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Producer Emma Tillinger Koskoff Reveals Which ‘Joker’ Scene Was Most Stressful to Film

Emma Tillinger Koskoff has built a reputation as Martin Scorsese’s right hand, working her way up from an assistant on 2004’s The Aviator to sharing a 2020 Oscar nomination with the filmmaker for The Irishman. But just four days after ending a 108-day shoot on the director’s Netflix film, Koskoff found herself in a scouting van with Todd Phillips, taking a leap of faith with another director. Joker may not have seemed like a natural move for Koskoff, who hadn’t kept up with comic book films since working as Uma Thurman’s assistant on Batman & Robin more than 20 years earlier — and who had never produced a movie not directed by Scorsese.

But her gamble paid off. The R-rated Warner Bros. project, which stars Joaquin Phoenix as loner Arthur Fleck as he becomes Gotham’s psychopathic criminal mastermind, has nabbed the most Oscar nominations of the year (11 nods, including best picture, best director and best actor) and has earned more than $1 billion globally. In the midst of a busy awards season, Koskoff is already prepping her next film, Scorsese and Leonardo DiCaprio’s Killers of the Flower Moon, and juggling campaign duties on The Irishman as well. But she took some time to talk with THR about the most stressful moments on the Joker set, the prospect of a sequel and why Scorsese still hasn’t seen the movie.

Knowing what Joaquin Phoenix went through on the role, what did his Golden Globes speech mean to you?

EMMA TILLINGER KOSKOFF From day one of principal photography, I literally was like, “This is the most extraordinary acting I have ever had the privilege of watching up close on the day.” I was mesmerized for the 57 days of shooting that followed. I was sort of glossed over, watching him up there, because I was so proud of him and so happy that he is getting the recognition for this performance. I said to anybody who would listen to me that he’s going to sweep and win every possible acting award available to him for this role, and that appears to be what’s happening. Fingers crossed, knocking wood, toes crossed, for what’s still to come.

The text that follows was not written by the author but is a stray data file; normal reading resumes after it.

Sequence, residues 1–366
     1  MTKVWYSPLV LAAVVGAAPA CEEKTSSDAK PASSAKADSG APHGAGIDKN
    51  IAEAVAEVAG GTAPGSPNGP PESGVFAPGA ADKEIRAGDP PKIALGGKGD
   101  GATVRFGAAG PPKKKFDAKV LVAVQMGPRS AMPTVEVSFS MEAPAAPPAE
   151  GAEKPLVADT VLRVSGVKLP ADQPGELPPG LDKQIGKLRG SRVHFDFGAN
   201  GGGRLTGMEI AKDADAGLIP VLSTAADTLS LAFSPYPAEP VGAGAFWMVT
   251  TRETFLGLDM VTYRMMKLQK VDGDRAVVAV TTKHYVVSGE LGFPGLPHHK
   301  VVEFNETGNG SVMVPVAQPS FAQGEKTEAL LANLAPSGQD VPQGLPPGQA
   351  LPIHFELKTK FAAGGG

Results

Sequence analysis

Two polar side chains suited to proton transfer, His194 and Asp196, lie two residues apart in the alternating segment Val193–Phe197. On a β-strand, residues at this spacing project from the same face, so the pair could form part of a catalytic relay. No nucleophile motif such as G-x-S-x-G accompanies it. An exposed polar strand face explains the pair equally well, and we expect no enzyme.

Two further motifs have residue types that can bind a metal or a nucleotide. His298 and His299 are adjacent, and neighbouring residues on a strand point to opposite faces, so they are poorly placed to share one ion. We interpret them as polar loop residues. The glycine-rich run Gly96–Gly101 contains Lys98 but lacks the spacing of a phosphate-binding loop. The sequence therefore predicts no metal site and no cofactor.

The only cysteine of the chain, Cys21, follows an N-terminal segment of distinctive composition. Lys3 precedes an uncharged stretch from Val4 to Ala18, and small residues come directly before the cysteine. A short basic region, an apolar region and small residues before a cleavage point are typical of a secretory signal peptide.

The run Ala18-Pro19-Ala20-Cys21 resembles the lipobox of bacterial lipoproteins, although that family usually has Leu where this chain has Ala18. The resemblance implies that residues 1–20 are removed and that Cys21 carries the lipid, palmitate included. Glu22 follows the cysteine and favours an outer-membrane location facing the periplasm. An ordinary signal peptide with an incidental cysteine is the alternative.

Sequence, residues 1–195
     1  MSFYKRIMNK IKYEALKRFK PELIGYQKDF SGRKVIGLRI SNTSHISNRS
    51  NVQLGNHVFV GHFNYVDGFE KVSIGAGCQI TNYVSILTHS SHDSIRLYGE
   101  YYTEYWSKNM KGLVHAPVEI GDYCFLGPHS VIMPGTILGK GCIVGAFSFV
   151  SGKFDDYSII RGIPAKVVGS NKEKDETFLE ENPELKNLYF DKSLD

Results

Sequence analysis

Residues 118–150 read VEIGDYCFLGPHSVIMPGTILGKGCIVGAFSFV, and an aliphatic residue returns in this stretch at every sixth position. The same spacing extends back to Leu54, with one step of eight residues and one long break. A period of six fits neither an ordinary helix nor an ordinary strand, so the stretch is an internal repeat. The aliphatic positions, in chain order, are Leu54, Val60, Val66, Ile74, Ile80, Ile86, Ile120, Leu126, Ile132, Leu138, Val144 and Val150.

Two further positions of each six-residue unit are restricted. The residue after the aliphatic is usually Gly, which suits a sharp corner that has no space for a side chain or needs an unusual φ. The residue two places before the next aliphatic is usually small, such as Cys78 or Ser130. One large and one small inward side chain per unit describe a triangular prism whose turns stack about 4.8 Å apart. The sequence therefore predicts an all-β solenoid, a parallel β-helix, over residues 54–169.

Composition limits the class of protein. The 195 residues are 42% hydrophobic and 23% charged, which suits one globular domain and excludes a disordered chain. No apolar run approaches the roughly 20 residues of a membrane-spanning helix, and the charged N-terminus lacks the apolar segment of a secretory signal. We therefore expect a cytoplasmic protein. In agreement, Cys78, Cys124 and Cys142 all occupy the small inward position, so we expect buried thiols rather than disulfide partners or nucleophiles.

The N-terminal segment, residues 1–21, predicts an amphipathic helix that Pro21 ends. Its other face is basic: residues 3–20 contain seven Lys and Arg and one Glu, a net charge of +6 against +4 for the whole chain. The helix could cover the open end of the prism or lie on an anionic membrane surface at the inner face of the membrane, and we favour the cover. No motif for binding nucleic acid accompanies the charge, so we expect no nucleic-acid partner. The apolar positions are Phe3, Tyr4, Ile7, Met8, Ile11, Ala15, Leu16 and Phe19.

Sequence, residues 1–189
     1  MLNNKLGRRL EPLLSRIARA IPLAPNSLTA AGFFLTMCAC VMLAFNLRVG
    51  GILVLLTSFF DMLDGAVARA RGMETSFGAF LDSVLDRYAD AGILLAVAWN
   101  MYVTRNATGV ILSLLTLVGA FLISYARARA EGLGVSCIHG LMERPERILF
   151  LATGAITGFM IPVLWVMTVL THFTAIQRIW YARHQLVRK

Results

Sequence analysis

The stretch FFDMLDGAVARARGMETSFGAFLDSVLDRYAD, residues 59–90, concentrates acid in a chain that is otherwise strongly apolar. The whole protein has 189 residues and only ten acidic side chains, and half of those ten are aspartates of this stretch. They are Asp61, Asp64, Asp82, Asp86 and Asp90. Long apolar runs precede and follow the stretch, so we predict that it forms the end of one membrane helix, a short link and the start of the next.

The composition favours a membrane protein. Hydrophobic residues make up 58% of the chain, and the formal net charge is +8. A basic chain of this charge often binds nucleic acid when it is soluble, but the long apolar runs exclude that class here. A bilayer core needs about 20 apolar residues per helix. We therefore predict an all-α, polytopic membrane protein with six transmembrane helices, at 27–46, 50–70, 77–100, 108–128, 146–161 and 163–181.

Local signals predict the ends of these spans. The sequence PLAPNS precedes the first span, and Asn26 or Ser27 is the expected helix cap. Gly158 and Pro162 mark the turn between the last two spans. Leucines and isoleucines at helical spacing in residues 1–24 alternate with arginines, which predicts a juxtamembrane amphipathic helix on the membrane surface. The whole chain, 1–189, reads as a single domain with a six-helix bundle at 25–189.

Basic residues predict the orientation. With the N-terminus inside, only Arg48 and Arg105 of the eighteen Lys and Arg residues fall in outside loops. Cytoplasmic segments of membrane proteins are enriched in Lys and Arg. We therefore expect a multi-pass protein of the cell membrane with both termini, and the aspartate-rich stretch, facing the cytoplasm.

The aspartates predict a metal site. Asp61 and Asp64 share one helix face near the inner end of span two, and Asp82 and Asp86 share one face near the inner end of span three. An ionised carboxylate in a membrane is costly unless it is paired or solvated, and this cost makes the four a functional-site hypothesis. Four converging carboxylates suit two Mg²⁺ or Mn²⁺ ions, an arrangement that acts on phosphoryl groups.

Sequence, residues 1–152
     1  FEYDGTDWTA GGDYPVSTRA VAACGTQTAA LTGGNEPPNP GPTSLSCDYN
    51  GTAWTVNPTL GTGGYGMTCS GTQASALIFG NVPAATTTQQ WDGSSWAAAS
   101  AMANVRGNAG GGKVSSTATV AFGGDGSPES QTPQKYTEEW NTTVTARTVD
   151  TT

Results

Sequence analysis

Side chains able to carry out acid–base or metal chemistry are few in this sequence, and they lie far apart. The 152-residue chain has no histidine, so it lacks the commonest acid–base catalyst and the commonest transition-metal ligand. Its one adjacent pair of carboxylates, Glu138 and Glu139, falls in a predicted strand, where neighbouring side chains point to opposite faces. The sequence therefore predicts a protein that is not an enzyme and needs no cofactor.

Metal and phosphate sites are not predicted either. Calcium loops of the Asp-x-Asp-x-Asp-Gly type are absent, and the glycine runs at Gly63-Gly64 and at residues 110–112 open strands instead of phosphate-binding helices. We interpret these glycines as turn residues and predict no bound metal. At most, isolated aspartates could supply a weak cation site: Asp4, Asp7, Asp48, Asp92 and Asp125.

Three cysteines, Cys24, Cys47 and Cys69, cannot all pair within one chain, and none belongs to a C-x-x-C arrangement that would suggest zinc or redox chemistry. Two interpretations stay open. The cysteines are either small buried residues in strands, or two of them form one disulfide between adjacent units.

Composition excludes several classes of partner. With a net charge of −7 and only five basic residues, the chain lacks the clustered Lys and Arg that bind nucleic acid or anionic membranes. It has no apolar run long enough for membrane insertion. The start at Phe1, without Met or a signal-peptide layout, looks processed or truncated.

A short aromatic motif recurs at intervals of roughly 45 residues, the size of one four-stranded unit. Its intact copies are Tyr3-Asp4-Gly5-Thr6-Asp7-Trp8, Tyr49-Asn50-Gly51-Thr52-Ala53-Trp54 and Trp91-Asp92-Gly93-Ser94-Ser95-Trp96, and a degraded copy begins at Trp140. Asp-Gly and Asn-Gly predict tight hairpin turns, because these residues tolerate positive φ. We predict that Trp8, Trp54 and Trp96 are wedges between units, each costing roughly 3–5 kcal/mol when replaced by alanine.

You are known as the kind of producer who lets talent know you are there to support them, giving them space unless they come to you. Is that doubly so on Joker, with an actor going through such a transformative performance?

Every actor comes with different needs. I have worked with Joaquin only on this film, and you can imagine what he as a human being went through to get to where he needed to be to perform every day — the weight loss that he and Todd decided upon and just the nature of the character. I’m very good at reading the room. I know Bob De Niro’s needs on The Irishman are going to be far different from Joaquin Phoenix’s on Joker. When Joaquin was still new to preproduction and had just come to New York to dive into prep, it was important to me that he knew he was going to want for nothing. I didn’t want to assume anything, and I didn’t want to be that person who would be like, “Hey, are you OK? No. You’re not OK. I know you’re not OK. You’re starving.” I just wanted him to know early on that my lack of checking in didn’t mean I’m not here and I don’t care. I just didn’t want to interfere with what he was dealing with and going through.